06 February 2007

The Difference

Here is a book that I think is crucially important by Scott Page who teaches in a variety of departments at the University of Michigan. What he offers is a consequentialist - to my mind essentially a pragmatist - defense of diversity. Scott's argument is that under identifiable conditions diversity is as important, oftentimes more important, a factor in successful problem solving than individual ability. What?!?! Roughly, given certain initial conditions, if we take two populations, one in which cognitively "all agents are above average" (to paraphrase Garrison Keillor) and another that is random and so diverse, the latter regularly will out-perform the former in solving problems. Scott doesn't argue that we should wholly disregard ability, but he thinks we should be significantly less reticent about how we endorse and defend diversity: "In sum, rather than being on the defensive about diversity, we should go on the offensive. We should look at difference as something that can improve performance, not as something that we have to be concerned about so that we don't get sued." I couldn't agree more.

What is pragmatist about this argument? First, the tempered consequentialism - the focus on outcomes generated by interactions under specifiable conditions. Second, the focus on problem solving. Third, the commitment to relying on social scientific inquiry to establish the argument. There likely are other ways Scott's case resonates with Pierce and Dewey as well as with contemporary pragmatists like Putnam, Westbrook, Posner, Breyer and Misak - even if he never so much as mentions any of them by name.

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9 Comments:

Anonymous Anonymous said...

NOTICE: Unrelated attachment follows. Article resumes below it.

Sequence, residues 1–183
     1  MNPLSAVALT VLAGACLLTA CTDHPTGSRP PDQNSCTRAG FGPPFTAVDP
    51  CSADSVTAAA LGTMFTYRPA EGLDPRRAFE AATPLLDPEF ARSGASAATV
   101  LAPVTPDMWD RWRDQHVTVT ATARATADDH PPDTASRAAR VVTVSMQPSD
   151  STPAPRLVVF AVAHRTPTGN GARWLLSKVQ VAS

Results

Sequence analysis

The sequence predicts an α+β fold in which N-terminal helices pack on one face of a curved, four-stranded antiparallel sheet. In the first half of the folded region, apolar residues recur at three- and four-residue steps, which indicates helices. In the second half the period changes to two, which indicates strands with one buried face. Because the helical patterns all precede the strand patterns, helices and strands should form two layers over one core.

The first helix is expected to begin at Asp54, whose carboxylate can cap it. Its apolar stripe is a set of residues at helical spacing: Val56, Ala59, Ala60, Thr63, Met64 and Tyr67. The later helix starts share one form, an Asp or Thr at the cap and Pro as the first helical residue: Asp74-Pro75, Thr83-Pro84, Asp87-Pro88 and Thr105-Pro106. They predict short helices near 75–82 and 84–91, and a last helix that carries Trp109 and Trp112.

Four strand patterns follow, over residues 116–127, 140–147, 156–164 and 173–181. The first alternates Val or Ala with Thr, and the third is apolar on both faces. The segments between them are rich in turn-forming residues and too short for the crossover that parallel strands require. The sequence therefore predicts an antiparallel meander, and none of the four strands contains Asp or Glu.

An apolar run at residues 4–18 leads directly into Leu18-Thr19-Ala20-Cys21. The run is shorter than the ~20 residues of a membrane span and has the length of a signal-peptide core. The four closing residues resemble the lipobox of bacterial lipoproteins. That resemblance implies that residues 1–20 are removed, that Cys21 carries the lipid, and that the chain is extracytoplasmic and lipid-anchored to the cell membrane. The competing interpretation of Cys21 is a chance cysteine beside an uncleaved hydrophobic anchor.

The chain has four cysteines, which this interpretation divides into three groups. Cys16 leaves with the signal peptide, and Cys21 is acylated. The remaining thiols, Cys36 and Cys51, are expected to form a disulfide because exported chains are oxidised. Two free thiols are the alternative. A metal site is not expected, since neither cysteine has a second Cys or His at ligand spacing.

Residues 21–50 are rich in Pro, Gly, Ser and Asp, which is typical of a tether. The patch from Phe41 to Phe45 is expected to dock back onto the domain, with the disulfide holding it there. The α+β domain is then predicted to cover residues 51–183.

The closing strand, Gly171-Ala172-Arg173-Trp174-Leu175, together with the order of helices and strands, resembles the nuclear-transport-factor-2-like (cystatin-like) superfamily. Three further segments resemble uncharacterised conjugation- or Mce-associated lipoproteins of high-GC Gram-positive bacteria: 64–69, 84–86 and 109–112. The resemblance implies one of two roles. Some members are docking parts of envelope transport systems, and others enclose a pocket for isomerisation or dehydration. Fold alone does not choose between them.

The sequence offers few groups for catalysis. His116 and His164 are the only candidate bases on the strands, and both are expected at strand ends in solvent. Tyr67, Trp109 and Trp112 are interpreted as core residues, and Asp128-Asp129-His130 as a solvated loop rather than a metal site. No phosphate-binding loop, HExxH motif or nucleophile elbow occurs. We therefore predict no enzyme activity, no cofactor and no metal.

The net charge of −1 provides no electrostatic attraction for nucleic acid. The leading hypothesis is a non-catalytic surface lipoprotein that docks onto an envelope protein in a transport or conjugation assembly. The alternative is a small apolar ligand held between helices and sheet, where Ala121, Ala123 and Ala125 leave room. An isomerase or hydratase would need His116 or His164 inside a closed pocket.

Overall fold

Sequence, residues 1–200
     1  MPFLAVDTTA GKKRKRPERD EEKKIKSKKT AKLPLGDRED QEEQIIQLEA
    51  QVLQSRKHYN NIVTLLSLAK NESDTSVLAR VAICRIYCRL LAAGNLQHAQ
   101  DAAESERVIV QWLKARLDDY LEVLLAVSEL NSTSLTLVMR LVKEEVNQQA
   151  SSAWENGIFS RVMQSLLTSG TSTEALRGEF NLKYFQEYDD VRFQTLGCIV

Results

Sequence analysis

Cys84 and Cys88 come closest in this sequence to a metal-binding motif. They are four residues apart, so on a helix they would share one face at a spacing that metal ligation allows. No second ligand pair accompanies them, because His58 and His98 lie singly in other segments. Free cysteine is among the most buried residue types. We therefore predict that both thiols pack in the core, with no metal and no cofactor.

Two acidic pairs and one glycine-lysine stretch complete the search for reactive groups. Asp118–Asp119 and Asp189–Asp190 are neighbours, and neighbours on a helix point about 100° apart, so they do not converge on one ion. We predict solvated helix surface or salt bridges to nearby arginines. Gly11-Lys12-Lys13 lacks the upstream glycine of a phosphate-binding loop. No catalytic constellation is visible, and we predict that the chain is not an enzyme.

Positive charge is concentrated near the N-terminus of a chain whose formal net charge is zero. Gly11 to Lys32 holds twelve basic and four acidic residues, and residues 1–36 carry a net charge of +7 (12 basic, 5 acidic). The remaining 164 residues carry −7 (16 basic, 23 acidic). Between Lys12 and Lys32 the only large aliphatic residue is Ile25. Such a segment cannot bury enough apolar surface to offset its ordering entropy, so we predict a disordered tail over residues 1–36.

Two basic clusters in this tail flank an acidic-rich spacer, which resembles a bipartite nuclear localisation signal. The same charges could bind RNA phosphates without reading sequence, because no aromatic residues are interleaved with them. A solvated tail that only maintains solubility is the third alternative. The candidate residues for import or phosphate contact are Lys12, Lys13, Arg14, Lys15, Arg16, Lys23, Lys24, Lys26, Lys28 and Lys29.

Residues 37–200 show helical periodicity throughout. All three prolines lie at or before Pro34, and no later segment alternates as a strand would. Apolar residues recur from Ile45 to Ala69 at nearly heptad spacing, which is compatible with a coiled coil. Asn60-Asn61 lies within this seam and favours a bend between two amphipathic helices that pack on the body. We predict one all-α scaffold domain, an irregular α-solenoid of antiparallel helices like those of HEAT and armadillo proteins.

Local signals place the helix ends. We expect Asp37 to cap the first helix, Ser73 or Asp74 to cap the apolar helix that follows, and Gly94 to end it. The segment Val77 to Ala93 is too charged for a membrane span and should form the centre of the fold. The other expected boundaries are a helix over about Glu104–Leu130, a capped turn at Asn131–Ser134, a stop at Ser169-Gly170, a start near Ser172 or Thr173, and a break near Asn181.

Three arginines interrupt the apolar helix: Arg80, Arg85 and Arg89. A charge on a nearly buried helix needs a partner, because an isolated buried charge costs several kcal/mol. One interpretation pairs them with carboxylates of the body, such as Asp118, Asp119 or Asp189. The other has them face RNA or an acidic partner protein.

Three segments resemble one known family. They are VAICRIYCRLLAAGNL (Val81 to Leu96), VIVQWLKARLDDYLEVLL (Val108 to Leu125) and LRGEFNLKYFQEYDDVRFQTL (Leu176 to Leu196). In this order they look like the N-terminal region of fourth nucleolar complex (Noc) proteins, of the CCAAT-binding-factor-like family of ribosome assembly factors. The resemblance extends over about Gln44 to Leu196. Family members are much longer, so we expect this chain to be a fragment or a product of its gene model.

The book sounds great. If you didn't fully sell it to me, it's cover did. What a wonderful and illustrative design for The Difference!

07 February, 2007 00:25  
Blogger Hans said...

Am I missing out on something here, but isn´t this exactly the same point made by Surowiecki in his 2004 book "The Wisdom of Crowds"? If you haven´t read it, check it out.

http://www.randomhouse.com/features/wisdomofcrowds/

I read it as an Hayekian defense for liberty, diversity and market economy. I haven't read the book you report in your post; but I can´t imagine you being convinced by Hayekian argument... or? :)

09 February, 2007 08:41  
Blogger Jim Johnson said...

A nice point ... Page does converge with Surowecki (and adnits that) ... the difference (no pun intended) seems to be that Scott works through the models more systematically and is attuned to politics more than just economic affairs. As a political theorist both of those are important. All that is perhaps unfair to Surowiecki, though, since I've not read his book. By the way, one might go back and read Aristotle on the wisdom of the multitudes or Condorcet on voting or Peirce and Dewey on the method of inquiry. So in that sense (assuming Surowiecki's title refleccts his argument) there is nothing new under the sun!

Your point about Hayek is right, but he seemed completely resistant to the notion that other sorts of non-market arrangements also have crucially important knowledge generating and processing features. I (and moy con-conspirator Jack Knight) have a paper coming out any day now in the American Political Science Review (BORING!, I know, but it is how I make a living!) called "The Priority of Democracy" that makes this general point.

09 February, 2007 09:04  
Blogger Jim Johnson said...